So, I left this woman’s office, going in because I’m drowning in debt from 10 years ago, don’t know what to do, trying to survive, and worried that my heart may not make it much longer (physically). My dad died only a few years older than me and he took care of himself. This woman didn’t even listen to what I said, later saying my Mom did a disservice divorcing my dad. I dunno who or what her issue was, but man… she even brought politics in, as when I mentioned the patents, she fought back with the ‘FDA is a big part of the problem’.

    Reply

    • Posted by dbc910281927681 on September 30, 2012 at 4:42 pm

      Oh, and I asked her, “How many mistakes have the drug companies made over the years?” .. She says “NONE”… Man, I left there feeling crazy. Please excuse my grammar above, I just woke up, forgot to finish sentences and have no Edit button ;p.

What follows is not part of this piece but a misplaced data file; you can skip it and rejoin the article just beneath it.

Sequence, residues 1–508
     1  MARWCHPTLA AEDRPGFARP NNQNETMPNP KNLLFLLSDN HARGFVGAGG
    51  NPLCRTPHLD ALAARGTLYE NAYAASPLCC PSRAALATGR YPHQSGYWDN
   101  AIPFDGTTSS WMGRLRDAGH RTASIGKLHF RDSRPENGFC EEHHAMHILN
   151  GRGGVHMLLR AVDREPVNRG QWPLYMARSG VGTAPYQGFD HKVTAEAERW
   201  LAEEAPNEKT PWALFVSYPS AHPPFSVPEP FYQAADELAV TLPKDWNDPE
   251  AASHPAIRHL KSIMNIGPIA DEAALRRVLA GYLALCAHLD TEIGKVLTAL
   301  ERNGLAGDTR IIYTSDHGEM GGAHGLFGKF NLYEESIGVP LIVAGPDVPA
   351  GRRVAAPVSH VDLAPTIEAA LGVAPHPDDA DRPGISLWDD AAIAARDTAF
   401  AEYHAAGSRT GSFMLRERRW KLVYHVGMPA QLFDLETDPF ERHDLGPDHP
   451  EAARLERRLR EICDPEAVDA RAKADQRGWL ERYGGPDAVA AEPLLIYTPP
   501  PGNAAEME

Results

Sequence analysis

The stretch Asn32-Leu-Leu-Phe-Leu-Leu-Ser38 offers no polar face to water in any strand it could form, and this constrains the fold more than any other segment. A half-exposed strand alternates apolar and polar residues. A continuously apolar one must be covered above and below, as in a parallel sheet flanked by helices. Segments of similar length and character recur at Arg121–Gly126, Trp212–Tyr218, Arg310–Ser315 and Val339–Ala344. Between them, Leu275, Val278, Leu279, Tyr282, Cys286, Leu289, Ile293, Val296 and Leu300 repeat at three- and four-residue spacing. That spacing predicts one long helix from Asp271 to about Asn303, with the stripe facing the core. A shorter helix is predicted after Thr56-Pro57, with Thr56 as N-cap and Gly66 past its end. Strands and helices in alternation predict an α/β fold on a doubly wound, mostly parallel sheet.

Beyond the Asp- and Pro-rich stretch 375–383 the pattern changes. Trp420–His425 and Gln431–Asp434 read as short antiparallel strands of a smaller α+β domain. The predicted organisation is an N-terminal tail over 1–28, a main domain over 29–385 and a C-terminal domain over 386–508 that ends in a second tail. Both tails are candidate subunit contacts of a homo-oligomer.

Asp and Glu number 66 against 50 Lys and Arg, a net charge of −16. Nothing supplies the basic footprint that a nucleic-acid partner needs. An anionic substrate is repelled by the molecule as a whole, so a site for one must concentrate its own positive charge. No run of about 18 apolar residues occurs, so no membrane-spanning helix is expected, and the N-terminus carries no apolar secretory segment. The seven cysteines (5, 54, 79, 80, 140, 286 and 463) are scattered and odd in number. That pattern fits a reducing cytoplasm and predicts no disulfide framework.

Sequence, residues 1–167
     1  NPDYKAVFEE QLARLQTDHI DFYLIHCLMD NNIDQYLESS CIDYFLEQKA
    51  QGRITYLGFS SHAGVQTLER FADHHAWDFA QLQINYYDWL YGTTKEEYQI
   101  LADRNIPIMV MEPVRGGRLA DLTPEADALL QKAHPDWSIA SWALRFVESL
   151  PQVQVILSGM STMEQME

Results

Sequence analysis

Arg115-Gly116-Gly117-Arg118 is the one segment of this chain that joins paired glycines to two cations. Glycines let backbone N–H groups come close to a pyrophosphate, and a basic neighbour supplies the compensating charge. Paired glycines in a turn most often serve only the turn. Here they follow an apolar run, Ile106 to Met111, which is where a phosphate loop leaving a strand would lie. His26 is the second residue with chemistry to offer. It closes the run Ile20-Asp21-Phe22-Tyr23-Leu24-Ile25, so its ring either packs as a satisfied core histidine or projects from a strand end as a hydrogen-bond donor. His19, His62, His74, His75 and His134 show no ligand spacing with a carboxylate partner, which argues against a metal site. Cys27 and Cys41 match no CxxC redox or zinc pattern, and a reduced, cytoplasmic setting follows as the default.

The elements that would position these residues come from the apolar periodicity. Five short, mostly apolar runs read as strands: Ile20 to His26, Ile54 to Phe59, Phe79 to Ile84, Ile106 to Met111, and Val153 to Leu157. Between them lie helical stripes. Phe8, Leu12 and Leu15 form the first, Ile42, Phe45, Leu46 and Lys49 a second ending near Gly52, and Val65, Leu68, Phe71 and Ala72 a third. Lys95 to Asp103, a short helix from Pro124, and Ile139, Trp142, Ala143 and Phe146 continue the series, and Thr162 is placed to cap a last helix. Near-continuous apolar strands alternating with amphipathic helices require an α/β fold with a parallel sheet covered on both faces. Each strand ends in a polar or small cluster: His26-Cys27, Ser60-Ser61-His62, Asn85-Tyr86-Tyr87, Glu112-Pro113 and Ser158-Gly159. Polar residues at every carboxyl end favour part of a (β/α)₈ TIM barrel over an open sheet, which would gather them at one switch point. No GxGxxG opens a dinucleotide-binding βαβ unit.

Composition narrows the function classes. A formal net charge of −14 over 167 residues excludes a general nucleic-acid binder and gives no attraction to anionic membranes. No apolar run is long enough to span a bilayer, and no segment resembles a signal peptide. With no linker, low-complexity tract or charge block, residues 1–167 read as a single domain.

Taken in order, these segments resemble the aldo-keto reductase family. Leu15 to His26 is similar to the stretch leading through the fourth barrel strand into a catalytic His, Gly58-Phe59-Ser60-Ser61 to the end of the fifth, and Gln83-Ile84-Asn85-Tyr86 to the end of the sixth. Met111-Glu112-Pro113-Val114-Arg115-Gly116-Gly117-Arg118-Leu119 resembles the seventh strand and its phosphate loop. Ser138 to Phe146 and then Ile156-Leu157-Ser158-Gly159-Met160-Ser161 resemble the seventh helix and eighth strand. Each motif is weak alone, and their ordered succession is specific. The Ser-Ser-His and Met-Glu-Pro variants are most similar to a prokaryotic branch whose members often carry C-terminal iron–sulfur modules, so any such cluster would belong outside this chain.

Reply

  5. Posted by Hysterica on October 3, 2012 at 1:22 pm

    Financial reasons was my first thought as to why they would discontinue it. Children only get into Suboxone pills? what about other pills? Sounds totally unjust to me. How many other opiate-based medications come in pill form? Many. Why the focus on Suboxone? $$$$$$$$

    Reply

  6. Posted by Dave M> on October 3, 2012 at 8:48 pm

    Good Job on discussing the risks of child exposure to tablets! It reminds me to bring up the issue to new patients.

    I would recommend you plant the idea of switching your patients but not switch them yet. Quite often, there is a long lag between the time a manufacturer stops making the product and when the product disappears from pharmacy shelves. Some patients might feel resentful they had to switch prematurely.

    I’m certain R-B is only looking out for the welfare of America’s children and this product discontinue has nothing to do with financial gain (chuckle, chortle)! By accident I have kept a short history of the prices of 30 count bottles of Suboxone by putting the reorder stickers on the wall of the pharmacy. Here is the history:

    1/2008___ $177.50
    10/2008___$181.00
    01/2009___$192.50
    06/2009___$211.25
    04/2010___$226.25
    02/2011___$248.88